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South African Journal of Sports Medicine

On-line version ISSN 2078-516X
Print version ISSN 1015-5163

SA J. Sports Med. vol.30 n.1 Bloemfontein  2018

http://dx.doi.org/10.17159/2078-516x/2018/v30i1a4592 

CASE REPORT

 

Stress fracture of the thoracic spine in a male rugby player: a case report

 

 

A ShafikI, II; K SchwabeIII, IV; R de VilliersX; J T ViljoenV, VI, VII; W DermanVIII, IX

IBSc (Hons) Sports and Exercise Sci; Institute of Sport and Exercise Medicine, Division of Orthopedics, Faculty of Medicine and Health Sciences, Stellenbosch University, South Africa
IIBSc (Hons) Sports and Exercise Sci; IOC Research Centre, Cape Town, South Africa
IIIMBChB, MPhil (Sport and Exercise Med);Sports and Exercise Sci; Institute of Sport and Exercise Medicine, Division of Orthopedics, Faculty of Medicine and Health Sciences, Stellenbosch University, South Africa
IVMBChB, MPhil (Sport and Exercise Med); IOC Research Centre, Cape Town, South Africa
VBSc (Hons) Physio, MPhil (Exercise Sci); Institute of Sport and Exercise Medicine, Division of Orthopedics, Faculty of Medicine and Health Sciences, Stellenbosch University, South Africa
VIBSc (Hons) Physio, MPhil (Exercise Sci);IOC Research Centre, Cape Town, South Africa
VIIBSc (Hons) Physio, MPhil (Exercise Sci); Campus Health Service, Stellenbosch University, South Africa
VIIIMBChB, BSc (Med) (Hon), PhD, FFIMS; Institute of Sport and Exercise Medicine, Division of Orthopedics, Faculty of Medicine and Health Sciences, Stellenbosch University, South Africa
IXMBChB, BSc (Med) (Hon), PhD, FFIMS; IOC Research Centre, Cape Town, South Africa
XMBChB, MMed (Rad. D); Winelands Radiology, Institute of Orthopaedics and Rheumatology, Stellenbosch, South Africa

Correspondence

 

 


ABSTRACT

This case report discusses a stress fracture of the thoracic spine in a professional South African rugby union player. This is a rare anatomical location for this type of injury in this population and has not previously been described. Physicians should be aware that performance of rugby specific movements may lead to rare stress fractures in certain anatomic locations.

Keywords: Overuse injury, sport, bone, back


 

 

Professional rugby union players are at high risk of spinal injuries due to scrummaging, tackling and weight training activities.[1] Spondylolysis or stress fractures of the vertebral pars interarticularis or other spinal stress fractures are uncommon injuries in rugby which, to the best of these authors' knowledge, have only previously been described in the lumbar spine and sacrumJ2' 3Here the case of a stress fracture in the thoracic spine of a professional rugby union player is presented.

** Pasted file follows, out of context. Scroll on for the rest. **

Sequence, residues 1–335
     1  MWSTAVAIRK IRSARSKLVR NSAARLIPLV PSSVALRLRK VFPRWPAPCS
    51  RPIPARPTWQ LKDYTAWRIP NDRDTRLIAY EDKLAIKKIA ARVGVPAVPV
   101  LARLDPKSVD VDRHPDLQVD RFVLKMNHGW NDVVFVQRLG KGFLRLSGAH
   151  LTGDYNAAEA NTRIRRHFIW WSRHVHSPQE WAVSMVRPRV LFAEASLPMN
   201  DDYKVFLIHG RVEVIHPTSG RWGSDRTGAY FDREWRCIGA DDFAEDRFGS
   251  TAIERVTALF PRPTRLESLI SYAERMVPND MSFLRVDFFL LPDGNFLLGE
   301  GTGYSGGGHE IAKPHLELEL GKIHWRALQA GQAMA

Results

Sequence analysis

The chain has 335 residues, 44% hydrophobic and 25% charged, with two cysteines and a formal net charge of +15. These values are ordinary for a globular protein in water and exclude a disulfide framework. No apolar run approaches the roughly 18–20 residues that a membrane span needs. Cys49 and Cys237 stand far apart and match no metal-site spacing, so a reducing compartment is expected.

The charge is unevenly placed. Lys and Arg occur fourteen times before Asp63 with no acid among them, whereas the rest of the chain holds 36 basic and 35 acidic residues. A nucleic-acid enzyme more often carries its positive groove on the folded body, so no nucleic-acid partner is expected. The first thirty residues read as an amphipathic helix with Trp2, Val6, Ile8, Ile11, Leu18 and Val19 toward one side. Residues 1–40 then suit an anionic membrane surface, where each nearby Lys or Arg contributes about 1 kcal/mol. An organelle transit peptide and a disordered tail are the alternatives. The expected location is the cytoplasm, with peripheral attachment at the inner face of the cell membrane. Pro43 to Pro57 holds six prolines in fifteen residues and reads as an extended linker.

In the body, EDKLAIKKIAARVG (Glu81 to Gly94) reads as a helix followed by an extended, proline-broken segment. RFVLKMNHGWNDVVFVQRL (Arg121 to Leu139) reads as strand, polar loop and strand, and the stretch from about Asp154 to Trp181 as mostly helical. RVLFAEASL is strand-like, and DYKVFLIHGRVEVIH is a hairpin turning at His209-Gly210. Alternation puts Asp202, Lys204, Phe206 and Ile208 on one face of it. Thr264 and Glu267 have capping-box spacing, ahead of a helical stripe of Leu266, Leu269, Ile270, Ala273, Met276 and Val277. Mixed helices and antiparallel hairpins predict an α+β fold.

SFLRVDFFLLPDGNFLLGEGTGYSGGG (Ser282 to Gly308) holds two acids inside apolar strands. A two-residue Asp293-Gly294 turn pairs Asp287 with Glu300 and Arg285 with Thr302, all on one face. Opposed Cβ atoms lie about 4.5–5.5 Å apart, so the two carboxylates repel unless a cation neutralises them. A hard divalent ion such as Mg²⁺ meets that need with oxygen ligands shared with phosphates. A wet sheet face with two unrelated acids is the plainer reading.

Case report

History

A 21-year-old male professional tighthead prop presented with a three-month history of nocturnal right-sided mid-thoracic dorsal pain, which started progressively increasing in severity and was further aggravated by playing rugby. The only injury the player could recall was a sternal contusion when he landed on a ball three months prior to the initiation of the back pain. Furthermore, the patient's medical history was unremarkable, with no additional symptoms.

Examination

The initial clinical examination demonstrated mild scoliosis and midline lower thoracic spinal tenderness to palpation. Provocative manoeuvres recreating right lower thoracic pain included standing, lateral rib cage compression, forward flexion (fingertips reached mid-tibial level), bilateral rotation and lateral flexion. Moreover, resisted flexion of the right hip caused lower thoracic pain. Additional examinations revealed nothing further of significance. At this point, a differential diagnosis of soft tissue injury, bony fracture (rib or vertebra), arthritis, infective process and malignancy were considered.

Investigations: Blood tests and imaging studies

The patient was initially referred for standard plain radiographs (X-rays) of the thoracic spine. These showed mild dorso-lumbar scoliosis without any further abnormalities. Additionally, a comprehensive laboratory blood workup was requested consisting out of a full blood count, an assessment of urea and electrolytes, CRP (C-reactive protein) levels, ESR (erythrocyte sedimentation rate) as well as serum protein electrophoresis and serum 25-hydroxy vitamin D concentration. All blood results proved to be normal with the exception of slightly elevated phosphate concentration and a low serum 25-hydroxy vitamin D concentration at 22ng/mL.